Abstract

A series of new Sensitive High-Resolution Ion MicroProbe (SHRIMP) U - Pb ages is presented for Palaeozoic (mainly Devonian and Carboniferous) granites from Tasmania. In virtually all instances the new ages are significantly older than previously determined Rb - Sr and K - Ar ages, even though the level of emplacement had been thought to be too shallow to allow loss of radiogenic daughter products. In two extreme cases, granite bodies at South West Cape and Elliott Bay that had previously yielded Carboniferous Rb - Sr and Early Devonian K - Ar ages, respectively, are now both shown to be Late Cambrian. In northeast Tasmania, granitic activity in the Blue Tier Batholith lasted for about 22 million years, with I-type magmas being followed by S-types only toward the end of that time. The exclusively I-type granites of the Scottsdale Batholith formed about 10 million years after the initiation of igneous activity in the Blue Tier Batholith, and were emplaced over a comparatively short time interval (4 - 5 million years). The new data confirm a previously held view, based on Rb - Sr analysis, that the economically important Lottah Granite crystallised roughly 9 million years later than the nearby Poimena Granite and, therefore, could not have been derived by magmatic fractionation of the latter. A regional deformation equated with the Tabberabberan Orogeny has been dated at about 390 Ma in northeastern Tasmania, based on the presence or absence of a northwest-trending foliation in the different granite bodies. The oldest granites occur in the northeast of Tasmania, with an irregular progression of ages to the west coast. A trend of this type could have arisen in an arc-free or arc-related environment. If the latter applies, either flat subduction or processes associated with the amalgamation of eastern and western basement terranes might be the controlling mechanism. Eastern Tasmania experienced a trend from mafic I-type to progressively more felsic, largely S-type igneous activity, but the trend for western Tasmania is not as obvious. The trend for eastern Tasmania is an exception to the general rule for the Lachlan Orogen, possibly signifying that the mid-crust was relatively cool when the first I-type granites were generated. Crustal thickening during the Tabberabberan Orogeny may have been a prerequisite for the generation of later, more felsic, S- and I-types.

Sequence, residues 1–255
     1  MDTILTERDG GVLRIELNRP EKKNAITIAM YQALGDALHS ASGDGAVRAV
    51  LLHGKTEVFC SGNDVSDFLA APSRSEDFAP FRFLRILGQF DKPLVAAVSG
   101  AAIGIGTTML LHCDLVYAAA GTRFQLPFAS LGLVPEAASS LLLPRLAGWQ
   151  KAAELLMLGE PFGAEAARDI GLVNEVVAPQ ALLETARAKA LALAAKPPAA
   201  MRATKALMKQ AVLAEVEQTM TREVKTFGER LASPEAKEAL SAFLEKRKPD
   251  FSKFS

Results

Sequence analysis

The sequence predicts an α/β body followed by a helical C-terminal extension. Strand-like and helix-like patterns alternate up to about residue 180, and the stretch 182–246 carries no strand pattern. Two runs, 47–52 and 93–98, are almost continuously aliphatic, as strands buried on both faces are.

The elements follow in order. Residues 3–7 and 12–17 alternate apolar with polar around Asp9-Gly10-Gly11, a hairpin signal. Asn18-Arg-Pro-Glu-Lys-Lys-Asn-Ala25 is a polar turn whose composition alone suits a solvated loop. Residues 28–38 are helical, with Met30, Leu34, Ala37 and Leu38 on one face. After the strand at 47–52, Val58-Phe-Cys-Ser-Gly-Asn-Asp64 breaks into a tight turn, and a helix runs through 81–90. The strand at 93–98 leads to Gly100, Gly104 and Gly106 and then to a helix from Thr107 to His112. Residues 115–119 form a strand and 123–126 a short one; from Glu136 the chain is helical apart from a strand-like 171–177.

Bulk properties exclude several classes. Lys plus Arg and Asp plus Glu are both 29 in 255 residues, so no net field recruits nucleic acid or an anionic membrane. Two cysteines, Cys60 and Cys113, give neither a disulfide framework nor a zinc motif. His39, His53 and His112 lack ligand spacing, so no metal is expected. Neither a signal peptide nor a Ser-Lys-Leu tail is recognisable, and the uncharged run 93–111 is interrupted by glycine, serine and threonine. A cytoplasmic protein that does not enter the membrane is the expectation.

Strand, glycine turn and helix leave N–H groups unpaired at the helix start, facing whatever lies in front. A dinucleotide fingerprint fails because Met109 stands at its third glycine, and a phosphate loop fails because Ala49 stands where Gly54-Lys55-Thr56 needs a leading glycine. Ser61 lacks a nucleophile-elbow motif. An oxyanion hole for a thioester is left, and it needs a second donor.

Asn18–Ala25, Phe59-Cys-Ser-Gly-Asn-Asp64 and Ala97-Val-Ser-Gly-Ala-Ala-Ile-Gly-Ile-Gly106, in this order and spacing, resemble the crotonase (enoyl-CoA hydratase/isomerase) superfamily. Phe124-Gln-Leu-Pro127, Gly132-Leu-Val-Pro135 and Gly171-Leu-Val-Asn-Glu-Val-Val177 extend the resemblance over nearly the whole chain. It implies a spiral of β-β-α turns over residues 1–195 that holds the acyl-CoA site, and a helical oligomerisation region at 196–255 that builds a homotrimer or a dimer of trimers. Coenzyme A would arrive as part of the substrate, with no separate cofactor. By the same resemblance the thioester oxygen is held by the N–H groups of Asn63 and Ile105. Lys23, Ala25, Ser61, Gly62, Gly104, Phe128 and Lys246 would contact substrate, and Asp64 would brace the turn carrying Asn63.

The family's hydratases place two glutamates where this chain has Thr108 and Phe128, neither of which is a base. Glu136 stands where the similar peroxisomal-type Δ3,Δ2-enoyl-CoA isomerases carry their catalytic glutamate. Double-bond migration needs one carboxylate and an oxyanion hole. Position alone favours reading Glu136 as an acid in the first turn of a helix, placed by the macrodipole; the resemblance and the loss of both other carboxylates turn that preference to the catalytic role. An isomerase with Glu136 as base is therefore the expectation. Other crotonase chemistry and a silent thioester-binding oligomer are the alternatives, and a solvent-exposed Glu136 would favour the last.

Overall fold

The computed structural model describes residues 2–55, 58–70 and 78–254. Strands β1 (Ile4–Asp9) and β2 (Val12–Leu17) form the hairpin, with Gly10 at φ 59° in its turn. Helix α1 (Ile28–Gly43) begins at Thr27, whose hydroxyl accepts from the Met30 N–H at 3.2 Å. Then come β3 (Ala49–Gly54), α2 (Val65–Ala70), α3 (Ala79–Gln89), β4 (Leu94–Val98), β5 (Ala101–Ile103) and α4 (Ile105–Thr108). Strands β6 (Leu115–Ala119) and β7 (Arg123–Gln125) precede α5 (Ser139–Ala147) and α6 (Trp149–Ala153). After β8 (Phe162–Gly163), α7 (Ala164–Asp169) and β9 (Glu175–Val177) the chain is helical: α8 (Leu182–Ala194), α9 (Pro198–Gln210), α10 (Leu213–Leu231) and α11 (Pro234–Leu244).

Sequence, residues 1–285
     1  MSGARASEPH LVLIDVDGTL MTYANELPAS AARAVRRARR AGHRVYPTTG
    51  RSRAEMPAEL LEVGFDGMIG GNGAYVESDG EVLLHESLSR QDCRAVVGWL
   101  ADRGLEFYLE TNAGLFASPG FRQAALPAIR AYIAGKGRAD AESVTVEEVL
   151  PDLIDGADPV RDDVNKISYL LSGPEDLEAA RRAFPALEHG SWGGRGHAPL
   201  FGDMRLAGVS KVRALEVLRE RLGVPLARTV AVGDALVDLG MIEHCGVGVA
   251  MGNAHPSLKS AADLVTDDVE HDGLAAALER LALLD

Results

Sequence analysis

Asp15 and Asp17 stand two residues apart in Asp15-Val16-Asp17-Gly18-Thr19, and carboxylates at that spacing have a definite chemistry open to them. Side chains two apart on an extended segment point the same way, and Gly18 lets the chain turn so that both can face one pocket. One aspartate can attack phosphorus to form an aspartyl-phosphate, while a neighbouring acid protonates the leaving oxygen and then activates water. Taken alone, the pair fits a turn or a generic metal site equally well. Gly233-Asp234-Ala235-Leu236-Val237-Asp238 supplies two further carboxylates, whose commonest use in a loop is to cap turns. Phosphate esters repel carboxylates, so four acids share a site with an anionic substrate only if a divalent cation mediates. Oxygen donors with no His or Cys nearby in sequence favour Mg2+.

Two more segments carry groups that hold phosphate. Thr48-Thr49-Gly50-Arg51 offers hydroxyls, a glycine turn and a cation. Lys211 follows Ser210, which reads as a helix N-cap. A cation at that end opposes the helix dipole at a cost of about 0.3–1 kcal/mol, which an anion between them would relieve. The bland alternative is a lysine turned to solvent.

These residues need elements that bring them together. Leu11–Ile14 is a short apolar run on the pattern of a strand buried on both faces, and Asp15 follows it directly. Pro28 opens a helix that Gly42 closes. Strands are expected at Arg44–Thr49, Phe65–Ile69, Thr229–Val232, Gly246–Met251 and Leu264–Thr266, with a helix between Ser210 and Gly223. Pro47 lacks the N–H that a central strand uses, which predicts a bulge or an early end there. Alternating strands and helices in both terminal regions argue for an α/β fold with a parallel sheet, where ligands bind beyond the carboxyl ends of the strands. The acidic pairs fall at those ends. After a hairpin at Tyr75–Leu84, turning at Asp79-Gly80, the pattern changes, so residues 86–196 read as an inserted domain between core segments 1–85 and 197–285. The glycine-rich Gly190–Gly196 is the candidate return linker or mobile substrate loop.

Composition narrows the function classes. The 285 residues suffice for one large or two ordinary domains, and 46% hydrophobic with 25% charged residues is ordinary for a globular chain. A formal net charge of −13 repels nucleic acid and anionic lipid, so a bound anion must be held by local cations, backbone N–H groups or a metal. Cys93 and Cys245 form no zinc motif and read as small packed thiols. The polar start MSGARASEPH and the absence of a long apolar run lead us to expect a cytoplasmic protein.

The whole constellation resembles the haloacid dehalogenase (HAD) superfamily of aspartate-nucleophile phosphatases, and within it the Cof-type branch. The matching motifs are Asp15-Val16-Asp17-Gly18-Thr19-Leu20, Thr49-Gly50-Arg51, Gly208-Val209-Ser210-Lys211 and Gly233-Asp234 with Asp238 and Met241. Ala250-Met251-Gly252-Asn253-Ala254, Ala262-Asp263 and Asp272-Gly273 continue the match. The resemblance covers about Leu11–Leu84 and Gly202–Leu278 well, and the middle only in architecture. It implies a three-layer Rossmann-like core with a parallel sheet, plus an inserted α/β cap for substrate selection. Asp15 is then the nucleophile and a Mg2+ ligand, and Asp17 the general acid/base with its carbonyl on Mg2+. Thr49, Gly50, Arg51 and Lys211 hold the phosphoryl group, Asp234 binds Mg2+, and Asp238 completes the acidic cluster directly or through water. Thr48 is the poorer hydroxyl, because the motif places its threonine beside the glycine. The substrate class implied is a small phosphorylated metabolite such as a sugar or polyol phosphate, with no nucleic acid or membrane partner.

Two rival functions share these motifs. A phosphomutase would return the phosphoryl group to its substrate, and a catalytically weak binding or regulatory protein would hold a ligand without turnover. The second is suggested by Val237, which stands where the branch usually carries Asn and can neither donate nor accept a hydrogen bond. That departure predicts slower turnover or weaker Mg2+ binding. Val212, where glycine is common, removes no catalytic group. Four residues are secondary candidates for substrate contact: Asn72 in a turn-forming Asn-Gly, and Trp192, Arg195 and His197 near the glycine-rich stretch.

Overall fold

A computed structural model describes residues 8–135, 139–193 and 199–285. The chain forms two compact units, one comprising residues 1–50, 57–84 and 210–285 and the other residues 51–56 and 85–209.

Google map showing geographic bounding box with values North bound -40.0 East bound 150.0 West bound 144.0 South bound -44.0
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Product Type/Sub Type

dataset - External Publication - Scientific Journal Paper

Constraints

license
Creative Commons Attribution 3.0 Australia Licence

IP Owner

Commonwealth of Australia (Geoscience Australia)

Author(s)

Date (publication)

2007

Product Type

dataset

Topic Category

geoscientificInformation

Keywords

External Publication
Scientific Journal Paper
Earth Sciences

Resource Language

English

Resource Character Set

utf8

Resource Security Classification

unclassified

Geographic Extent

North bound
-40.0
East bound
150.0
West bound
144.0
South bound
-44.0

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Unknown

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onLine

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distributor
Organisation Name
Geoscience Australia
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Canberra
Administrative Area
ACT
Postal Code
2601
Country
Australia
Email Address

Metadata File Identifier

a05f7892-f999-7506-e044-00144fdd4fa6

Metadata Standard Name

ANZLIC Metadata Profile: An Australian/New Zealand Profile of AS/NZS ISO 19115:2005, Geographic information - Metadata

Metadata Standard Version

1.1

Metadata Date Stamp

2010-09-21

METADATA SECURITY CLASSIFICATION

unclassified

Metadata Contact

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pointOfContact
Organisation Name
Geoscience Australia
City
Canberra
Administrative Area
ACT
Postal Code
2601
Country
Australia
Email Address
Related Links
For information on acquiring this product,
please contact the Geoscience Australia Sales Centre via:

fax:
+61 2 6249 9960; or
phone:
1800 800 173 (within Australia);
 
+61 2 6249 9966 (outside Australia).

Please note that support hours are 9 am to 5 pm weekdays